I WAS SIX YEARS OLD WHEN I FIRST SAW Peter Brook’s Mahabharata. An aunt, knowing of my fascination for the epic, had brought back a copy of the film from England. I was hooked from the very first minute. Initially, my parents were gratified, even proud. Like all ambitious parents, they were constantly on the watch for some sign that I was prodigy material, and my delight in Brook’s film seemed a promising indication of good taste to them. But soon they were worried. Day after day, in the stubborn way of small children, I would bully them into letting me watch the film. If they said no, I would turn to blackmail—I would refuse to eat unless the film was on and I could perch,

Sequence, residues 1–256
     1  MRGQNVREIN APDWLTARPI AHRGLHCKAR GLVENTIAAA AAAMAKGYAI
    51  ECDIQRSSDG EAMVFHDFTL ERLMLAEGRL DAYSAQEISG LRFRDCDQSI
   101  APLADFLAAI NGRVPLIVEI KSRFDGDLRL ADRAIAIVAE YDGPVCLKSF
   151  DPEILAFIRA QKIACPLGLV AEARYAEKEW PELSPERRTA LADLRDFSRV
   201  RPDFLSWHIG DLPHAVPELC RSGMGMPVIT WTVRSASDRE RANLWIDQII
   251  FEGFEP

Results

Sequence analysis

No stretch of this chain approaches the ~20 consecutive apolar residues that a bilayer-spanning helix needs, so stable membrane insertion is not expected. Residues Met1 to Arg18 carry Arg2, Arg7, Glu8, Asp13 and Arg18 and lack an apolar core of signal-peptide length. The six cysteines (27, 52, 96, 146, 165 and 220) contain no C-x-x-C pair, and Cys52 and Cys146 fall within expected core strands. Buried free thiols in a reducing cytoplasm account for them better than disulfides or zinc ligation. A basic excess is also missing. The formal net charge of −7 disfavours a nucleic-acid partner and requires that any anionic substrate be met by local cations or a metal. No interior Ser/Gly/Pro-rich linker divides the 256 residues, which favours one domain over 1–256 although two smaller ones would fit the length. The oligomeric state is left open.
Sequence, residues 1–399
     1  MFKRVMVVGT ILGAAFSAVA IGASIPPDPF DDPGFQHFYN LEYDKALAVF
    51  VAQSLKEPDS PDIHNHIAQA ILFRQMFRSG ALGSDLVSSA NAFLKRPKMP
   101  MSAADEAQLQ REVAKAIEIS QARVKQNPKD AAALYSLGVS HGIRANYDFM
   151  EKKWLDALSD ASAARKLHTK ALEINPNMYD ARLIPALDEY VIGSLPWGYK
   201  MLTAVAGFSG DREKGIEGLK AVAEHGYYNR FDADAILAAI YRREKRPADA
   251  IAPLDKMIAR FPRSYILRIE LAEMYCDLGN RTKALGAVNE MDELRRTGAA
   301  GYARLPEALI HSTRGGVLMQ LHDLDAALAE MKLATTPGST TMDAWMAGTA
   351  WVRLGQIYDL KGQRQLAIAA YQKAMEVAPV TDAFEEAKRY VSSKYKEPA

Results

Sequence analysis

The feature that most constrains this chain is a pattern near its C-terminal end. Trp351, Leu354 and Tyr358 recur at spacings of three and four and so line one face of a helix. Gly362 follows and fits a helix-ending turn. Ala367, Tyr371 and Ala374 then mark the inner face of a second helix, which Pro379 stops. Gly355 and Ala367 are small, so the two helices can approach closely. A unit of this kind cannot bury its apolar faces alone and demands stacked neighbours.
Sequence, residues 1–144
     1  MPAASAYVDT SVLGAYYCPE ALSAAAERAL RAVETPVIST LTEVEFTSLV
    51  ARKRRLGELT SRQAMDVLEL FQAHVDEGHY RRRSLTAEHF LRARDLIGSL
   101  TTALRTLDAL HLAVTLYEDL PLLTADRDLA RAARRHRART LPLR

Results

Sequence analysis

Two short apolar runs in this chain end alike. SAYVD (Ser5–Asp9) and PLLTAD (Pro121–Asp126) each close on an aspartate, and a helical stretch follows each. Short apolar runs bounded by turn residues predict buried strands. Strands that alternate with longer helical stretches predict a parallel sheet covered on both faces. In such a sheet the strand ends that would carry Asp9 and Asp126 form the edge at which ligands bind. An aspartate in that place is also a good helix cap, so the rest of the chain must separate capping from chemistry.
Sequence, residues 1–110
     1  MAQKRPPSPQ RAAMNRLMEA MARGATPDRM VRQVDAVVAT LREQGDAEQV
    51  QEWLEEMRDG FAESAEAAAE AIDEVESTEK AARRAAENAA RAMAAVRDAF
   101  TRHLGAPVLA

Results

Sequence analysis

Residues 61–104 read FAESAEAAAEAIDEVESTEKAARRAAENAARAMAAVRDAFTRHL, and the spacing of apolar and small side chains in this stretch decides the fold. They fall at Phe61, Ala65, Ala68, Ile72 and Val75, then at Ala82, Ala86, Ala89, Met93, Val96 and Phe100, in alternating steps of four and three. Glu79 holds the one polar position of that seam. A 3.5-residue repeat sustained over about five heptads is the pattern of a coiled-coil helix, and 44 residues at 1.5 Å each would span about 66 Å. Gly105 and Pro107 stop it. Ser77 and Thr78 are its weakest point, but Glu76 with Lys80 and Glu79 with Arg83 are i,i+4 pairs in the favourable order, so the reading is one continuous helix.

eyes a few dangerous inches away from the screen of our 15-inch TV.
Attempts were made to wean me away, but to no avail. As a last resort, my parents tried to interest me in a substitute—another Mahabharata, BR Chopra’s.
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